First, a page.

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Tips for staying motivated in the garden

“Our duty is wakefulness, the fundamental condition of life itself. The unseen, the unheard, the untouchable is what weaves the fabric of our see-able universe together.”

— Robin Craig Clark, “The Garden,” 2010

I haven’t read this book by English author Robin Clark, but it’s No. 2 (of 22) on Goodreads’ list of “best inspirational” books that “leave you feeling just a little bit better or motivated, or just hopeful about life in general...”

No. 1 is a book called “Veronica Decides to Die” by Paulo Coelho, so I don’t have 100% confidence in the list, but reviewers say “The Garden” is a mystical and beautifully illustrated fable about a soul’s journey toward enlightenment in a garden.

I certainly feel like a soul in search of enlightenment in my garden, so the book is on my to-read list for the insights it might offer. In the meantime, I think what Clark means by “our duty is wakefulness” is that we need to pay attention to our surroundings so we won’t miss opportunities to grow by opening ourselves up to things we haven’t yet seen, heard or touched.

The opposite of the kind of wakefulness Clark writes about is apathy: feeling unmotivated and a lack of energy to take action. I’ve talked to several gardeners recently who are feeling apathetic — the result, I think, of our politically contentious, physically unhealthy, mentally stressful, hot, smoky and fire-ravaged year, so far. No wonder we’re all feeling burned out.

However, if, as Clark tells us, motivation is the “fundamental condition of life,” then apathy is a primary obstacle to improving the condition of life, whether that life is our own, the plant and soil life in our garden, or all life on Earth. Apathy is a highly effective tool for preserving the status quo.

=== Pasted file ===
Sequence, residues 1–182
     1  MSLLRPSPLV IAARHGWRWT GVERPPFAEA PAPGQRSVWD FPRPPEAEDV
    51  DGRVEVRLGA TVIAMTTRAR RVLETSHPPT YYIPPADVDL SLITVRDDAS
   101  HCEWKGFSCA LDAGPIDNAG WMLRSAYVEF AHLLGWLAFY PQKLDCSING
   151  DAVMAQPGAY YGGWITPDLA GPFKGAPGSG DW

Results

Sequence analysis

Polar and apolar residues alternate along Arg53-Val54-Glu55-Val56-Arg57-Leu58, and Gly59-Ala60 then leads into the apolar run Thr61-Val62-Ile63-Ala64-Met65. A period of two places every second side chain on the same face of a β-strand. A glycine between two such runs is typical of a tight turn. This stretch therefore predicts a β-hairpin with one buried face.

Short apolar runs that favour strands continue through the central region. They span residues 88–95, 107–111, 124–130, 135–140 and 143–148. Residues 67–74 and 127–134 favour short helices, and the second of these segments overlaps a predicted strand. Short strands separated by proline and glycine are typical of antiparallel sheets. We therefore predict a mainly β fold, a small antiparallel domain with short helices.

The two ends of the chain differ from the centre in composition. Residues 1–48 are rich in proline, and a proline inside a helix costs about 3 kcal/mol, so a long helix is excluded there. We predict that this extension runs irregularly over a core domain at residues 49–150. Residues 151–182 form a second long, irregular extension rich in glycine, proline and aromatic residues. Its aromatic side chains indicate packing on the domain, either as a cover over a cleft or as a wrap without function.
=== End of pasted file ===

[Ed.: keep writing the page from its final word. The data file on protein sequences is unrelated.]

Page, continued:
Apathy comes from feeling powerless to make a difference, but I find motivation in knowing that my garden can be a microcosm of the world I want to live in. It’s inspiring to reflect on what that world would look like and to work at aligning my gardening practices with that vision.

For example, I want to live in a world that values diversity, including biodiversity. I may feel inconsequential at making that happen in the world at large, but I can see the results of my efforts to support biodiversity in my garden: attracting birds by providing food, water and shelter; supporting pollinators by planting nectar and larval plants and avoiding the use of chemical pesticides; adding native plants; and managing the spread of invasive plants.

I also want to live in a world that operates as a global community. One way I can contribute to that ideal in my garden is to support a community of native and non-native trees, shrubs, flowers and ground covers that share similar growing needs. The members of a plant community “socialize” well with each other, thereby creating healthier, more resilient gardens and landscapes.

When I witness this happening within the plant communities I grow, I feel more hopeful that creating a global community is possible. We need only look to our plants for guidance — a practice called biomimicry.

Viewing the garden and our gardening this way stimulates motivation and action. After identifying what we want our growing spaces to be, we must assess where they are now and what we need to do next in order to move them closer to our ideal. This involves asking questions, seeking answers, learning new ideas, and experimenting with new practices.

Now that I’ve committed to increasing biodiversity in my landscape, the journey toward accomplishing that goal has led me to learn about planting a meadow to support pollinators and other wildlife, as well as to enrich the soil, reduce erosion and store carbon in the earth. These are exciting ideas that keep me “wakeful” to new possibilities.

Rhonda Nowak is a Rogue Valley gardener, teacher and writer. Email her at Rnowak39@gmail.com. For more about gardening, check out her podcasts at https://mailtribune.com/podcasts/the-literary-gardener and her website at www.literarygardener.com.